Trista Madan

Arts Education

Grant Period: Over two years

The first grant to Trista Madan enabled her to undertake a pilot project towards animating classroom pedagogy through museum visits. The pilot programme, Time Treks, was conceived around the Egyptian Gallery of the Indian Museum in Kolkata. Over 1,200 students from ten schools were beneficiaries of the programme. The programme has received overwhelmingly positive feedback from school administrations, students and their parents, and all the schools have requested Ms Madan to continue and extend the programme to cover other topics in the history textbook. Other schools that got to know about the programme through the school network have also extended an invitation to her. Excited by the possibilities that were opening up, Ms Madan approached IFA to support her for the next phase of the project.

While our evaluation of Time Treks was positive, we felt that it was necessary to nudge Ms Madan to think about how the initiative would be sustained in future years. This dialogue was productive: it helped her to conceptualise the second phase not just as a continuation of the first, but as a stepping stone towards a much larger initiative to intervene in formal education. As a result, Ms Madan has begun the process of registering Time Treks as a trust, which would have greater capacity for intervening in school education in Kolkata, and be able to develop programmes that extend beyond the four new modules that will be added in the second phase to the existing Egypt segment. The second phase will, therefore, build on the momentum of the pilot programme, involve more schools and develop Time Treks as a reliable brand that corporate houses might find attractive to partner. In our dialogue with Ms Madan, we had also stressed the importance of getting both the museum and the schools to have a greater sense of involvement and ownership, since the programme adds value to their work. However, the museum administration seems to be quite indifferent to her work, and the best that can be expected of it is cooperation. By contrast, the schools have demonstrated more interest and excitement. For the second phase, all schools will partially underwrite the costs of the educational kit that will be handed out to each student.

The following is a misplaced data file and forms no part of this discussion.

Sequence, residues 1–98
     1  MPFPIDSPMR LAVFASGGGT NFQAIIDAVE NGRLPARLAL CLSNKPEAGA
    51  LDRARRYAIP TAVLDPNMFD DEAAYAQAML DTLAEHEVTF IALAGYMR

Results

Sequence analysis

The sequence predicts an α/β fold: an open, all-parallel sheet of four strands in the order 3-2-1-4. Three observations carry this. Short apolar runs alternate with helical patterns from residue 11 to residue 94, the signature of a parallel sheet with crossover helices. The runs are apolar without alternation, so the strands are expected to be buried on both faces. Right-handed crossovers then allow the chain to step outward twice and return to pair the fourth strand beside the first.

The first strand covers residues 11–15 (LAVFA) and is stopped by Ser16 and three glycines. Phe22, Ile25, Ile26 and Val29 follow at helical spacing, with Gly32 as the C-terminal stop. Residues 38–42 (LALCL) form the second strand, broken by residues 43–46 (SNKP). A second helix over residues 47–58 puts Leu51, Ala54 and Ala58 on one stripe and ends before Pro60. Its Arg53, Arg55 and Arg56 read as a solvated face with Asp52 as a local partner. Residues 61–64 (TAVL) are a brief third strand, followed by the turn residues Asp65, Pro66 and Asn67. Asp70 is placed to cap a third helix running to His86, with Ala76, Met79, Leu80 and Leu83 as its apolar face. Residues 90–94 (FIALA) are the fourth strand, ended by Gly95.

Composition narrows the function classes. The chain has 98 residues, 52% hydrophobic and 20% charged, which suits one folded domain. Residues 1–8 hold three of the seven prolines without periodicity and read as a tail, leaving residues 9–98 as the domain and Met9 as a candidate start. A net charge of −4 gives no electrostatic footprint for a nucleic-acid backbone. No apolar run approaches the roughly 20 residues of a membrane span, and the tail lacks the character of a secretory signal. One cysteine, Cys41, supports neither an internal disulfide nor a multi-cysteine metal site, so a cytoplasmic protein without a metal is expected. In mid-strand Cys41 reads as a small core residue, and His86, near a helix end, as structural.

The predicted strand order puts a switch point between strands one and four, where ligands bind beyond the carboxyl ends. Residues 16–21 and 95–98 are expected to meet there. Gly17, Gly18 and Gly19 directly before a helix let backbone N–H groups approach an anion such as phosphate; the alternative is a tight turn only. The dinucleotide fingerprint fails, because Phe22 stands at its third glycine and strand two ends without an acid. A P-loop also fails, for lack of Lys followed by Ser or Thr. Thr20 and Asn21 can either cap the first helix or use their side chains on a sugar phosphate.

The four new modules will be decided on after a thorough study of the history syllabus and through conversations with the history teachers in schools. However, Ms Madan is keen to focus on the Indus Valley Gallery, which is scheduled to be opened to the public in May 2006. The other modules that she hopes to implement are the life of Buddha, the history of the Mauryas, and a larger segment connecting different artefacts in the museum to various sections taught in the history syllabus. The programme will target children in the age group of 9 to 14. Ms Madan will continue to work with the same research assistants, but will possibly add more project assistants to help her manage the greater numbers of students.

After completion of the pilot project, Ms Madan participated in two workshops. The first, was to facilitate an exchange of ideas around pedagogic initiatives in heritage education. At the second workshop, Ms Madan shared her experience of the pilot project with their teachers and students. She is keen to organise at least two workshops (although this grant will not be paying for them) with the history teachers who accompany their students to the museum, as a follow-up exercise. Ms Madan is convinced that she needs to establish herself as an art educator with the schools and the museum before looking at the commercial potential of this initiative. She will therefore spend the last six months of the term of this grant in making presentations and approaching sponsors. IFA will help Ms Madan in her efforts to market the programme. It is our hope that this arts education initiative will not require further support from IFA.